Fraser Cain:                 Yeah, even with the quarter moon, but especially with that crescent moon, you see it absolutely, right? The sun goes down, and then the crescent moon is visible in the sky. And so, you can really – it’s perfectly pointed towards where the sun is. But I even think about that even more when you see a crescent moon – or even when you see a full moon. You see a full moon, and you just know the sun is behind you – that’s that where the sun is. And so you can – if you imagine the universe as this three-dimensional interaction between the earth, the sun and the moon, and you think of the moon not as this flat disc in the sky, but as this ball, and the way it’s being illuminated points the way towards where the sun is.

                                    You have just this moment where you realize just the geometry of everything involved. And from that point on, you can always find the sun – even though you can’t see the sun – just by looking at the moon. It’s such a neat idea.

Dr. Pamela Gay:         And you know the crescent will always be near the sun in the sky, and it’s just cool. I just like it.

Fraser Cain:                 And yeah, then over the course of the month, the night – as you said – quarter moon, third quarter moon is midnight-ish, and then it just keeps going through until the – and that’s often the time when you’ll see the moon during the day, I find, is because you’re seeing – either being a third quarter moon. And so, it is rising at, say, midnight, or even two in the morning – three in the morning. And then, you get up and it’s ten in the morning, eleven in the morning, and there’s the moon still pointing the way to the sun.

Dr. Pamela Gay:         It’s true.

Fraser Cain:                 Yeah.

Dr. Pamela Gay:         And exactly, I think when people see it just depends on where their sky is clear. So, for me, it’s because I spend a lot of time staring at my dogs in the yard, I’m much more likely to catch evening objects.

Fraser Cain:                 Right.

Dr. Pamela Gay:         So, I see that late afternoon first quarter during daylight.

Fraser Cain:                 Yeah, and you absolutely can see the moon during the day, no problem. And you can even look at it with a telescope, or a pair of binoculars. It’s pretty great. Obviously, be careful with the sun, but you can see features on the surface of the moon during the day, no problem. It’s that bright.

Dr. Pamela Gay:         And learning how to photograph the moon, I strongly recommend start by photographing it while it’s up against that bright blue sky. And then get darker and darker twilight as the seasons progress. Learn it now, and then have it mastered next winter so that you can finally figure out how to get the contrast just right against the nighttime sky.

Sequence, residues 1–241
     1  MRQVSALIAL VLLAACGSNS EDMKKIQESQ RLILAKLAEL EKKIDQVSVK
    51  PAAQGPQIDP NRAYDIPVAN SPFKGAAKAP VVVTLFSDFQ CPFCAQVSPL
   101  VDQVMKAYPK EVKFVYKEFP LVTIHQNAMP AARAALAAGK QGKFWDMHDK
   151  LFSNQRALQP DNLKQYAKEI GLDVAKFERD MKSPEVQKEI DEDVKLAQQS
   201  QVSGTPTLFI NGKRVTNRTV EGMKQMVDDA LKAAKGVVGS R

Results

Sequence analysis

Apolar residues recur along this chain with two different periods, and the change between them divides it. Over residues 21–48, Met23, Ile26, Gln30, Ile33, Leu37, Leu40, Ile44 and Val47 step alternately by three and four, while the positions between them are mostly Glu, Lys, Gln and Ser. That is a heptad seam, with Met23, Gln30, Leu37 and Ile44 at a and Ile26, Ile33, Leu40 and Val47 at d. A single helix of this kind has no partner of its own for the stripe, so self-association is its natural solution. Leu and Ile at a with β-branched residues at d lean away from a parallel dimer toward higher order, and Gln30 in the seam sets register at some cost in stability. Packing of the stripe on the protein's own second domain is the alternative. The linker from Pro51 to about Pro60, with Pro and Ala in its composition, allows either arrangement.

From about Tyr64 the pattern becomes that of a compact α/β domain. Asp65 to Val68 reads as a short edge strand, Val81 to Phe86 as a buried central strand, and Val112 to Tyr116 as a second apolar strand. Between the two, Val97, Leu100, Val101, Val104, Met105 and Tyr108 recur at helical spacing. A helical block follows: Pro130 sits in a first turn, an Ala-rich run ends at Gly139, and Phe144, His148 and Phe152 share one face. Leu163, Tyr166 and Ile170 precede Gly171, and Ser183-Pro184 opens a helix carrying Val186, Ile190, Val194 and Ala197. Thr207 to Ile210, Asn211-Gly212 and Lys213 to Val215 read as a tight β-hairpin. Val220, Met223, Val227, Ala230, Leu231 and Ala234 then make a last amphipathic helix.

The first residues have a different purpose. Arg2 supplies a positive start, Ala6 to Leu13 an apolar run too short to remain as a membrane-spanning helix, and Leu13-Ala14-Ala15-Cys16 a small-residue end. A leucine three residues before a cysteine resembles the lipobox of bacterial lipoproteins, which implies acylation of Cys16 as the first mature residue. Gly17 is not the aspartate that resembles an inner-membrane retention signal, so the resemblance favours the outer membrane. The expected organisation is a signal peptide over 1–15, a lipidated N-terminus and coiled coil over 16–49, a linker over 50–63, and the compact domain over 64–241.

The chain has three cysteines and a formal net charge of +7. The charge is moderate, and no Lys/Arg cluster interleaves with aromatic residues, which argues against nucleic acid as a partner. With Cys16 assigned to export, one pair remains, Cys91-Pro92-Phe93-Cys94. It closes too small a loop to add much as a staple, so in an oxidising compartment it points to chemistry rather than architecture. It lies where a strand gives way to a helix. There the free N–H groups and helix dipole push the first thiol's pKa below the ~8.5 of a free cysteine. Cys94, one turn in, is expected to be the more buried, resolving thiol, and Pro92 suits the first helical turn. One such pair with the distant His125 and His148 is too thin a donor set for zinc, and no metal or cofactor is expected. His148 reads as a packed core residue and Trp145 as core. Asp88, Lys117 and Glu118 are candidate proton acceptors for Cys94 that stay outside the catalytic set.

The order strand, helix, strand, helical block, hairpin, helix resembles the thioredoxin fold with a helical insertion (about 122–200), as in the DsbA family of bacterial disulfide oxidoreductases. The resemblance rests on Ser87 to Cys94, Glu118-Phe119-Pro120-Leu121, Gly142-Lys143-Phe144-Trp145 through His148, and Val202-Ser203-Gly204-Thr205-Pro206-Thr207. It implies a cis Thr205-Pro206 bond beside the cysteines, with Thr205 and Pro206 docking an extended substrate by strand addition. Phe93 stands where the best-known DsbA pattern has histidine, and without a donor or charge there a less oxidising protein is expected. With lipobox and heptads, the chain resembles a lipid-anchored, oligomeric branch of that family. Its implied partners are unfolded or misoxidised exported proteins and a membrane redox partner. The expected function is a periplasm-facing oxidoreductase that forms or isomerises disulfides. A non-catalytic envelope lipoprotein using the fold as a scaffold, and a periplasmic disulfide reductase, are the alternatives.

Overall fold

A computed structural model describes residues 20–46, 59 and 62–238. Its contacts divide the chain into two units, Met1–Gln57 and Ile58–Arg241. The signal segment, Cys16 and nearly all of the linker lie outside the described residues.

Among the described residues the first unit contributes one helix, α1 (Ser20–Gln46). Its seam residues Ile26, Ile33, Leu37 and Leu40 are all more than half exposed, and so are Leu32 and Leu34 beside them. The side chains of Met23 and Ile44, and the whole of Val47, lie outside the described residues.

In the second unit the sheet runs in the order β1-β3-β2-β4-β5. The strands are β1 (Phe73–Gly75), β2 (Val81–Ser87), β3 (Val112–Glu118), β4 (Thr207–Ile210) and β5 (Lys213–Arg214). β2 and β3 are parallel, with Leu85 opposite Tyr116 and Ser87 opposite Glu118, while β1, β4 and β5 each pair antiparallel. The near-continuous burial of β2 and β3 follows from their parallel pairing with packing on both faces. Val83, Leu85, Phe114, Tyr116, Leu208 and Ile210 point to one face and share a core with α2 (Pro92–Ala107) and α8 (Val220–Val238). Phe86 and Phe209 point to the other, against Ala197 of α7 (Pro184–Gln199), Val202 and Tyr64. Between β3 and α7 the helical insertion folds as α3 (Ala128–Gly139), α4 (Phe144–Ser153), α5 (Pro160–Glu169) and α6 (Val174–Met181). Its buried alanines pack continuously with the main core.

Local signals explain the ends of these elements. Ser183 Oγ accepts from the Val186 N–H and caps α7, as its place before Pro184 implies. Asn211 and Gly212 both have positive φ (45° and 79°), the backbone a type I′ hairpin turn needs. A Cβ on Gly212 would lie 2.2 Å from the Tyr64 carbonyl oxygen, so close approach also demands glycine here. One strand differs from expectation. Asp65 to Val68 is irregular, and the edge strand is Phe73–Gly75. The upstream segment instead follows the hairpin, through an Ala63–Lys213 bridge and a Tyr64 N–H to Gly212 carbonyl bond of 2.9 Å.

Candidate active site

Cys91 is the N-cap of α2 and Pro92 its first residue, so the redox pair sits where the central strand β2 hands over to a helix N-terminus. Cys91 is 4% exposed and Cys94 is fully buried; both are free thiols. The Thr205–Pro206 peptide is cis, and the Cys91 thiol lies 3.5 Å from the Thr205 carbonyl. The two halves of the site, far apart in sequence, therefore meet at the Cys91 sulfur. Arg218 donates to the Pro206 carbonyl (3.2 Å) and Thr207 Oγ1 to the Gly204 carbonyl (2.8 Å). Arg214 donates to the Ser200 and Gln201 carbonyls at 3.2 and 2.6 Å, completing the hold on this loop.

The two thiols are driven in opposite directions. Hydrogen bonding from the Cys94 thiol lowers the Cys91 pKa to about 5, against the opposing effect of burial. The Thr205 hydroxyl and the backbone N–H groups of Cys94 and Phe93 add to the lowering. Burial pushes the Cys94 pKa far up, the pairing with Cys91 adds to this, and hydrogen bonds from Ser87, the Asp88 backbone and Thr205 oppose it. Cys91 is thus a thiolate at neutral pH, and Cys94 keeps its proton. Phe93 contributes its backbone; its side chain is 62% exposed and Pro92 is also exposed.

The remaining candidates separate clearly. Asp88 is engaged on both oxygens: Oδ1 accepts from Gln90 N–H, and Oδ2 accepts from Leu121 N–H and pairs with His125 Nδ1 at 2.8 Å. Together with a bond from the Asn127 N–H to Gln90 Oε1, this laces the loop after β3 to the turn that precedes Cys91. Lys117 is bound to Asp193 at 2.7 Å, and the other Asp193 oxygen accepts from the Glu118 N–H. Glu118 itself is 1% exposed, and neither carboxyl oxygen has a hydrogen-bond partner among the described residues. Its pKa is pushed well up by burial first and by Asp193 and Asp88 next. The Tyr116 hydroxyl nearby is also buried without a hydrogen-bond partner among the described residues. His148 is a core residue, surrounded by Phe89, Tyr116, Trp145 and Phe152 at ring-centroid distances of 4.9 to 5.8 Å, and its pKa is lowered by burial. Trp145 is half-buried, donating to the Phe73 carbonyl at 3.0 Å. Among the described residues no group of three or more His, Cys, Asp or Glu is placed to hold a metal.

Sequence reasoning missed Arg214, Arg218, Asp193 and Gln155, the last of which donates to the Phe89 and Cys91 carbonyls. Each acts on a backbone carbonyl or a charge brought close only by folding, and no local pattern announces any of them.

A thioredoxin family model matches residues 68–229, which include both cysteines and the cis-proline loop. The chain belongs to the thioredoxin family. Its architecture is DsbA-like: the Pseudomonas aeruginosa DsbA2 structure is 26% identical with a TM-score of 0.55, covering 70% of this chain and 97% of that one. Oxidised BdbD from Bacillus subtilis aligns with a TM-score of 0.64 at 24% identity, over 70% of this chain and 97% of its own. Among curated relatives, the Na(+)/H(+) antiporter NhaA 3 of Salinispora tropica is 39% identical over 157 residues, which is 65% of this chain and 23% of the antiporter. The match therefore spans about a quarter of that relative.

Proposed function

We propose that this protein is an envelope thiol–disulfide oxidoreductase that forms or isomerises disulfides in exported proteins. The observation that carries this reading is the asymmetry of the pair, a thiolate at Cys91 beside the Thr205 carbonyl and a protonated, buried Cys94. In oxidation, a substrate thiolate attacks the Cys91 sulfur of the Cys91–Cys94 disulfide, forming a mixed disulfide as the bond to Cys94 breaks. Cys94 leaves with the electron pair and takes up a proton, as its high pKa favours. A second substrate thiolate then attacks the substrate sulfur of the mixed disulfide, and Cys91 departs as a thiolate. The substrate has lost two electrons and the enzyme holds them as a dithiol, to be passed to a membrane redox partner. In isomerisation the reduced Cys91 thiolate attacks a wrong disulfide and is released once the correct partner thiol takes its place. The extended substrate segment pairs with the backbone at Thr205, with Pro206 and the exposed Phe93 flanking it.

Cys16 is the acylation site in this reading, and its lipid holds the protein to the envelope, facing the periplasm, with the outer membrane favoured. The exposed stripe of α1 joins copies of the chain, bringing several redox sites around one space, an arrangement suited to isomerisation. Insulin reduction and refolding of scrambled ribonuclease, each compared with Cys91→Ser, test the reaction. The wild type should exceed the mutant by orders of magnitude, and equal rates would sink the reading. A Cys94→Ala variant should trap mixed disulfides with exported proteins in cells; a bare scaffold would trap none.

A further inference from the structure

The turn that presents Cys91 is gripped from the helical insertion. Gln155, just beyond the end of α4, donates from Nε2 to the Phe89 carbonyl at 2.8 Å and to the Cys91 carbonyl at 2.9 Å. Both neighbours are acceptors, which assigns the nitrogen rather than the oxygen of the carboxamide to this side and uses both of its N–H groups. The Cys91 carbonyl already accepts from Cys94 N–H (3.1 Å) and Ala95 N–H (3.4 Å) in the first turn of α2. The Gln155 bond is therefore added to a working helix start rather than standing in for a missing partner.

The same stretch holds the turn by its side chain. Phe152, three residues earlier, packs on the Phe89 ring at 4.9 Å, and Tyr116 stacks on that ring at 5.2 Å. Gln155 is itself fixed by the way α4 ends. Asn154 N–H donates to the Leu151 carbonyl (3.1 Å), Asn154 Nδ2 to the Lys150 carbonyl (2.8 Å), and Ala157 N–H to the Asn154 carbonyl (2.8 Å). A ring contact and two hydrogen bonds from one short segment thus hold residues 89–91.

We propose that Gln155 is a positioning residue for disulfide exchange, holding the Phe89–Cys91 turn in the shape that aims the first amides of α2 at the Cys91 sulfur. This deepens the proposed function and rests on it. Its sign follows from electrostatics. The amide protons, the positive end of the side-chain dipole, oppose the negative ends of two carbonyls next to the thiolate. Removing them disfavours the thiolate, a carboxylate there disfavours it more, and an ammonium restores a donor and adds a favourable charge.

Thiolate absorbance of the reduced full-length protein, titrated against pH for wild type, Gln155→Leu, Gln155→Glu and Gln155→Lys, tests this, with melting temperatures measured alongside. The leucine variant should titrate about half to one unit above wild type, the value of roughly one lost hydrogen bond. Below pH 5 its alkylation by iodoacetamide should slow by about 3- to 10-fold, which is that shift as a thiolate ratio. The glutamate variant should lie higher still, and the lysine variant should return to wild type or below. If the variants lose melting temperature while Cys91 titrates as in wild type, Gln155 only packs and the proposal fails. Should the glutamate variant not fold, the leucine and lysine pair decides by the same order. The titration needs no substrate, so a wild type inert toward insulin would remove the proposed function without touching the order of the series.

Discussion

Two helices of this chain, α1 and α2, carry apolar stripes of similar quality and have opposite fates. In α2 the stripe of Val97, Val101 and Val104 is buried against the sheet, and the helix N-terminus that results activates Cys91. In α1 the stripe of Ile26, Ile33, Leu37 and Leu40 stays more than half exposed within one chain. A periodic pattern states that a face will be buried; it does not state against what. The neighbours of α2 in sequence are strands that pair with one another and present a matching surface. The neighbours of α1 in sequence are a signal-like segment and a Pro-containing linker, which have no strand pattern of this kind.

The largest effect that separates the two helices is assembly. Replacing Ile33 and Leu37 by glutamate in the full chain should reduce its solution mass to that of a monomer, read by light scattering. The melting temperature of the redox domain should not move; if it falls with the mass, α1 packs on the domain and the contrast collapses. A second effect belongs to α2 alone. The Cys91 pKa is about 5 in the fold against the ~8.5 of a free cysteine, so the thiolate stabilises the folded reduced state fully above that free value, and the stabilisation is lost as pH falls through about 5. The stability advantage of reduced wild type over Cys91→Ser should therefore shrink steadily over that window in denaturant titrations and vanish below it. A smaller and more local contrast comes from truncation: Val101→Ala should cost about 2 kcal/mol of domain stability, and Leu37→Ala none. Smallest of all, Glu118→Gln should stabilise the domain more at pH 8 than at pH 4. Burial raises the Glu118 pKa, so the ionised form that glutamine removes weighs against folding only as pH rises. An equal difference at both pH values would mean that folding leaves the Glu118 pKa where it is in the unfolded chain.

Fraser Cain:                 So, it turns out the moon is okay and it’s fine. There’s some stuff you can do with the moon. It’s both interesting to look at during the day and at night, both in a telescope, binoculars, with your own eye, and it is fascinating to learn to take pictures of it both with a regular, widefield view, but also with brighter, telephoto lenses. All right. So, we won’t get rid of the moon just yet.

Dr. Pamela Gay:         We need it for other things as well.

Fraser Cain:                 Right. Of course. Of course.

Dr. Pamela Gay:         It’s good to have a moon around.

Fraser Cain:                 Yeah. Perfect. All right. Well, thanks Pamela. Do you have some names for us this week?

Dr. Pamela Gay:         I do. As always, we are brought to you by you. This show wouldn’t exist without your support at patreon.com/astronomycast. And I would like to thank Jordan Young, Barry Gallwin, Berko Roland, Ramji Anamathou, Andrew Palestra, David Troge, Brian Kegel, the Giant Nothing, Dan Litman, Steven Shewater, Laura Kettleson, Robert Palasma, Paul Jarmin, Joss Cunningham, Les Howard, Emily Patterson, Adam Anesbrowned, William Jones, Infinitesimal Ripple in Spacetime, Adlove Science, Gordon Dewey, Bill Hamilton, Sinai, Frank Trippin, Richard Riviera, Joshua Pearson, and Jack Mudge. Thank you all so much for all that you do that allows to do all that we do.

Fraser Cain:                 Thanks Pamela, and we’ll see you next week.

Dr. Pamela Gay:         Astronomy Cast is joint product of “Universe Today”, and The Planetary Science Institute. Astronomy Cast is released under a creative common’s attribution license. So, love it, share it, and remix it, but please, credit it to our hosts: Fraser Cain and Dr. Pamela Gay: You can get more information on today’s show topic on our website: astronomycast.com. This episode was brought to you thanks to our patrons on Patreon. If you want to help keep this show going, please consider joining our community at patreon.com/astronomycast. Not only do you help us pay our producers a fair wage, you also get special access to content right in your inbox and invites to online events.

                                    We are so grateful to all of you who have joined our Patreon community already. Anyways, keep looking up. This has been Astronomy Cast.

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Duration: 33 minutes